You may know the struggle of having a Bibtex file with a lot of entries in it. Using a text editor to "manage" this "database" is... well, not pleasant. Usually, text editors lack a comprehendable overview over contained Bibtex entries. For my favorite text editor geany, I decided to do something.
geany is a lightweight "programmer's text editor" that brings a few neat features like syntax highlighting for a bunch of programming languages, regex support for searches, and, my absolute favorite, the ability to not crash when opening large files.
Also, geany comes with a sidebar that is often used to list declared variables, functions, LaTeX-macros, and so on. See this screenshot:
This screenshot of its interface was taken relentlessly from geany's official website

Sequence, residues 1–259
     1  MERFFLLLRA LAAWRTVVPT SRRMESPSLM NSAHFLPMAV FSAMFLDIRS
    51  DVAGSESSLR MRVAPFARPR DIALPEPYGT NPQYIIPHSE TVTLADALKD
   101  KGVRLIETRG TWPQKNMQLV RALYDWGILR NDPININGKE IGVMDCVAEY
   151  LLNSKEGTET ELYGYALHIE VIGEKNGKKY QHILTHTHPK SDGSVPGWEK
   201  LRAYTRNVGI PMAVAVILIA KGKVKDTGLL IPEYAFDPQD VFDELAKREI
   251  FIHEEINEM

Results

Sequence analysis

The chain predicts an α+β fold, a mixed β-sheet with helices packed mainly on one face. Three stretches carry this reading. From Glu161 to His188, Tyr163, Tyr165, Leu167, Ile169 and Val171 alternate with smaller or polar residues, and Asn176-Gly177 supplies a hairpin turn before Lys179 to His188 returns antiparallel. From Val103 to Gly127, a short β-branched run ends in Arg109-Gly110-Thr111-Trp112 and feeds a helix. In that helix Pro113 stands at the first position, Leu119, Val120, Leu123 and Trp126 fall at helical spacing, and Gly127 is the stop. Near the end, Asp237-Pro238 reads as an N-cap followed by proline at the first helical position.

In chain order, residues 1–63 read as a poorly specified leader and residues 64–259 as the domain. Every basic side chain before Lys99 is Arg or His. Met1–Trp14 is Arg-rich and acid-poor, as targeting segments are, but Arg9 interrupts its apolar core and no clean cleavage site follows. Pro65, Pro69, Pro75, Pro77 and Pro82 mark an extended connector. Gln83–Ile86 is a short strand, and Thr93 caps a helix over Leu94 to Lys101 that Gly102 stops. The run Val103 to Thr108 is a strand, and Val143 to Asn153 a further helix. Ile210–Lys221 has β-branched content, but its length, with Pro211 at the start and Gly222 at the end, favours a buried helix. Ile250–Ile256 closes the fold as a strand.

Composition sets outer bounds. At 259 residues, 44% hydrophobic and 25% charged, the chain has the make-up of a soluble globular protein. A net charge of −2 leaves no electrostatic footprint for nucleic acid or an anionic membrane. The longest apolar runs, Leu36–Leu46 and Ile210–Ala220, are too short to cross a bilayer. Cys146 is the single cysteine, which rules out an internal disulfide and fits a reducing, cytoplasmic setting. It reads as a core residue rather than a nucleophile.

This sidebar would be the best place to list all Bibtex items present in the current file. Since geany is open source, I decided to take action and add that feature.
a slight detour¶
Shortly after cloning geany's git, I realized that it the actual parsing of the Bibtex file is not done by geany itself. Instead, the program relies on universal ctags which is "a programming tool that generates an index file of names [...]" (https://en.wikipedia.org/wiki/Ctags). It was initially written in Fortran and, luckily, ported to C recently. Unfortunately, universal ctags did not have a Bibtex parser I could've used...
long story short¶
After reactivating my dusted C-skills and approximately 12 gazillion commits, universal ctags now has a Bibtex parser and geany shows the Bibtex index in its sidebar:
The sidebar now lists Bibtex entries
As usual, you can click the entries and jump to it's location in the file. And, right-clicking the sidebar allows you to sort the Bibtex entries alphabetically or by their appearance in the file. Of course, these are built-in functions of the editor.
will be has been integrated into the upcoming (1.37?) version 1.37 of geany.